Create an artwork in any media that has at least 1 circle!
Brooklyn America Hutchison
Sparks of Creativity
Long exposure photography
20” x 13.3”
“I have experimented with long exposure photos using sparklers in the past for my photography class. I had a lot of fun observing the ways different exposure times and ISO settings affected the image.
My motivation for this was our Thanksgiving vacation. We live in a heavily populated city so it’s always difficult to find an area of absolute darkness. We traveled to the most northern parts of Washington State for the holiday and knew before leaving we would have an opportunity to experiment some more in darker areas.
While it was a bit cloudy the evening I did the photos and the light pulled from the cloud coverage made it slightly less dark, it was still darker than it ever is in the Bay Area. I moved around to achieve a range of circles, sizes, and warmth as temperatures were in the low thirties.”
watercolor & gouache on watercolor paper
26 cm x 36 cm
“I am a painter and mixed media artist. I studied at Istituto Per L’Arte E Il Restauro, in Florence, Italy and worked on several excavation projects and restorations of works of art.
However, my true love is painting as a complete form of expression. I use personal experiences, pictures from nature and images from the world of dreams and I create my own perception of the world. I work mainly with watercolor and acrylic on paper, canvas and wood. I adore children’s book illustration which I want to study in deep and develop even more.”
acrylics and ink on birchwood panel
12″ x 12″
“I had always avoided circles in my work, because I thought of them as too perfect, too complete and too closed. When I saw this Art Dare, I decided to put my prejudice aside for a few minutes and just experiment with making a balanced painting with an attractive composition and my favorite colors and paints.
I wasn’t too pleased with my first attempts and decided to add a few ovals and ‘arrows,’ just for fun. I finally decided this one was my best effort, and submitted it for review. I think I was channeling Kandinsky without realizing it!”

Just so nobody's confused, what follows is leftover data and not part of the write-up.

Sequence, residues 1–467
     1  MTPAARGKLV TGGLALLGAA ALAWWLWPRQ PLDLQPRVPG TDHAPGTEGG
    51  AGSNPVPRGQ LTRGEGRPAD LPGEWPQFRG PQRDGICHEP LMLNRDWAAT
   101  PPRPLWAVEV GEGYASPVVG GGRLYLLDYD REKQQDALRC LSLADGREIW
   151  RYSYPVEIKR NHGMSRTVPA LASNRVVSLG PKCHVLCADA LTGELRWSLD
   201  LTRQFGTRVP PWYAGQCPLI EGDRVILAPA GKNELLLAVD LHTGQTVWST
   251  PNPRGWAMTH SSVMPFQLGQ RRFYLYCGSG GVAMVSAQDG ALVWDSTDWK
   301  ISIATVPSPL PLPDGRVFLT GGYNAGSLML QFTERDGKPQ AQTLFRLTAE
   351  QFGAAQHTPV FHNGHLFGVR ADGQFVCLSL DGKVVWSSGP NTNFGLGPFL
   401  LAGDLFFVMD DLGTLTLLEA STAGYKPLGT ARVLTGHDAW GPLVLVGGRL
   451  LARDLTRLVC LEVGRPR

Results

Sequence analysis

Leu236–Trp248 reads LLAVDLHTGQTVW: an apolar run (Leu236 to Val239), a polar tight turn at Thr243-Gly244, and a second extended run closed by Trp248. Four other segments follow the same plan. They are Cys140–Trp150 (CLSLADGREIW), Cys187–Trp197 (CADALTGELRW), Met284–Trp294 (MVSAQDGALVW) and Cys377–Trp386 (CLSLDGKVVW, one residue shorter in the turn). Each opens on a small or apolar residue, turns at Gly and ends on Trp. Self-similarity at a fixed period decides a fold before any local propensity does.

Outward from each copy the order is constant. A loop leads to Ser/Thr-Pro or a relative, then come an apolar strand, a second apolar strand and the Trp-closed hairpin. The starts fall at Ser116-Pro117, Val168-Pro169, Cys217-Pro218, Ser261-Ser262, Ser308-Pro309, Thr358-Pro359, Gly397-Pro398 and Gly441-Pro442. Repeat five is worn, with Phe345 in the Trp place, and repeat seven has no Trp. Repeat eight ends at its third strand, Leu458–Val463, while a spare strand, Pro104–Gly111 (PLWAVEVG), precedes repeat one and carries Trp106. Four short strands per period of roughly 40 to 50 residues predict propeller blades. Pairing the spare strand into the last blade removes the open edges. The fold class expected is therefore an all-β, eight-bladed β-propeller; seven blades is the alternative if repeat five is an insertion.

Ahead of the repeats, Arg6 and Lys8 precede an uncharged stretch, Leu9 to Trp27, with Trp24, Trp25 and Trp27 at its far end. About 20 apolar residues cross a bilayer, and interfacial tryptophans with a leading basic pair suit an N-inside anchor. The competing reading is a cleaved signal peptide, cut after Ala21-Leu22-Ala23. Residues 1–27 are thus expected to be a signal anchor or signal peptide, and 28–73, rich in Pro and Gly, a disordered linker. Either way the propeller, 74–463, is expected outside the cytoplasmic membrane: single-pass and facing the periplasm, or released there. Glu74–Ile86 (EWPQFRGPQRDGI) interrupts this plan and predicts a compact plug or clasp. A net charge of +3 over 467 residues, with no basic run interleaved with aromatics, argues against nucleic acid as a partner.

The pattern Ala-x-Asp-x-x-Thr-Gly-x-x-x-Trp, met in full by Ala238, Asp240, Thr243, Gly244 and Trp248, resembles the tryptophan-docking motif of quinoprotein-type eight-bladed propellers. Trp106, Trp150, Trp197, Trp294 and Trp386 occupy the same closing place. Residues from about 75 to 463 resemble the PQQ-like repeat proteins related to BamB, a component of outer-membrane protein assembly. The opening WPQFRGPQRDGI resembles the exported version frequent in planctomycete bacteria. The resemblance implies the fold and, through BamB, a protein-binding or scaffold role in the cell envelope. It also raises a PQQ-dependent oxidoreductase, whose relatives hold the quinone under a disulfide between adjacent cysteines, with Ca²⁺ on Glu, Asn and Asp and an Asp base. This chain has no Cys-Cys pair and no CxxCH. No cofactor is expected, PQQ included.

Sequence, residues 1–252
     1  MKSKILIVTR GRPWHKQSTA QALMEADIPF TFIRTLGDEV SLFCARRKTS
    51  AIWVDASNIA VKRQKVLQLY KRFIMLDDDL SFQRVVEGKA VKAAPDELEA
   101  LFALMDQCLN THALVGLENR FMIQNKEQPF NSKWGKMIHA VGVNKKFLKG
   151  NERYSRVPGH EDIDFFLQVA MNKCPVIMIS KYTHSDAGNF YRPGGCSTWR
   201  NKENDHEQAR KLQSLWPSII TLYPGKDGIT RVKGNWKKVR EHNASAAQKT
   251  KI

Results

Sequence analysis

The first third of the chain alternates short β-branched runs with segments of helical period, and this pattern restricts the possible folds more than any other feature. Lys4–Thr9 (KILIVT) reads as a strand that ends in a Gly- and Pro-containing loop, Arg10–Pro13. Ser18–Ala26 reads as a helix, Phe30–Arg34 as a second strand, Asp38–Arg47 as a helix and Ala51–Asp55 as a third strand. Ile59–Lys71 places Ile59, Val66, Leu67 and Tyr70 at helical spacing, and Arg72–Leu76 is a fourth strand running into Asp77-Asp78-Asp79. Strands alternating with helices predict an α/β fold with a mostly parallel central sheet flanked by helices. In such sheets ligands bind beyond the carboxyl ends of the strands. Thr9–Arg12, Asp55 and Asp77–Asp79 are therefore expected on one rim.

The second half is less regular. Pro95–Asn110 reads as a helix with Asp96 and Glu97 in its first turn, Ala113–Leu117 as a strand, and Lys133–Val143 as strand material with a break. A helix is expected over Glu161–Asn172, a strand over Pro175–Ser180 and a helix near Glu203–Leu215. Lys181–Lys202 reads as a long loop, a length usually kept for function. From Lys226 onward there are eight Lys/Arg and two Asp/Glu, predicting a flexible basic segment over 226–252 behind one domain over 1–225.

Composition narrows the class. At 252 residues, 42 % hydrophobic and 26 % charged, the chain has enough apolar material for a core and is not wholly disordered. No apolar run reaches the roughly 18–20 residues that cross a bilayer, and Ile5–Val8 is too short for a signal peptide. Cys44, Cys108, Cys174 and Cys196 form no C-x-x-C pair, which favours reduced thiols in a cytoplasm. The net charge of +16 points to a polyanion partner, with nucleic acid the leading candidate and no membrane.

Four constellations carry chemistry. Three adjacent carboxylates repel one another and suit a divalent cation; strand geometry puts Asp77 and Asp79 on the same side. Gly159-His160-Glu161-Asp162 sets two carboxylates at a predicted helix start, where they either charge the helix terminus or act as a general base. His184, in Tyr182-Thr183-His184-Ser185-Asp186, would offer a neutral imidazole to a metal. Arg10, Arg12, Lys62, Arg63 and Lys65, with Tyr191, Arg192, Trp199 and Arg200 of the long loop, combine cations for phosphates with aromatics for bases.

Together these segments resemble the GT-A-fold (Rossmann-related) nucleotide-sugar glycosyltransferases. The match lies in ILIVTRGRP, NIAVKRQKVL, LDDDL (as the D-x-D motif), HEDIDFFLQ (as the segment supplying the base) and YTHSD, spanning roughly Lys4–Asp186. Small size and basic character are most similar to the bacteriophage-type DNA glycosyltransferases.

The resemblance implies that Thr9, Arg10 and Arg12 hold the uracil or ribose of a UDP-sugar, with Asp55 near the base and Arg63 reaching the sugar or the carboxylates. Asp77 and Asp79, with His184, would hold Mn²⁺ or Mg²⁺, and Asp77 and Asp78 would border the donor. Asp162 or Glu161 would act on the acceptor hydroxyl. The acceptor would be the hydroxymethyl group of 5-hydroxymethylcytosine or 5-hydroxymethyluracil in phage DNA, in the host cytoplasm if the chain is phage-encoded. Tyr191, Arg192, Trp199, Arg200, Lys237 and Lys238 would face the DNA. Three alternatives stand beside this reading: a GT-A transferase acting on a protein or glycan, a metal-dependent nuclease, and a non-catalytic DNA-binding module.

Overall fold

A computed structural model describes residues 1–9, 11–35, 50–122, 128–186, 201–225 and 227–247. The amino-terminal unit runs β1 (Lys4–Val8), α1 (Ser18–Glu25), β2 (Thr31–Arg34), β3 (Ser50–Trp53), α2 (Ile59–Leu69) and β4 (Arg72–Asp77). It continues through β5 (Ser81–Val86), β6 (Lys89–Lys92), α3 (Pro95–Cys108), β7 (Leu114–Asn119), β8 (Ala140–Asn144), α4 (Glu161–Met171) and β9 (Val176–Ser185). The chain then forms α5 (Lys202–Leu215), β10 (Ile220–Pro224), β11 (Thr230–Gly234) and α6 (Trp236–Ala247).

Spots & Swaths
chalk pastel on paper
36″ x 24″
“I saw this Art Dare as an opportunity to experiment with pattern and study how circles and stripes can describe form.”
She Refused to Jump Through Hoops (left image below)
United Front (right image below)
sharpie, colored pencils
4″ x 5″
“I often explore circles in my work as a theme. The circle is a universally recognizable symbol that provides infinite possibility for interpretation. Sharpies and colored pencils are my portable tools of choice for quick work that can be done in a cafe while sipping coffee.”
Monkey, 5″ x 8″ (left image below)
The Pied Piper of Hamelin, 12″ x 17″ (right image below)
colored pencils and watercolor on paper
Ephemeral, Life, 6″ x 8.5″ (left image below)
When Things are Happening, 6″ x 8.5″(right image below)
watercolor, pen and ink
“I love poetry too besides art and have been dabbling with visual poetry now and then. Recently, I came across Asemic writing and that grabbed my interest. It’s more of an invented script, an impression or shadow of the conventional writing personal to the poet but having an effect on the reader all the same.
Some even have pictograms and ideograms in it and the meaning isn’t rigid. It’s open to interpretation and each interpretation can be the perfect one. The most important aspect is that it is not bound to any language. It’s beyond all those barriers. It bridges the void where words fail.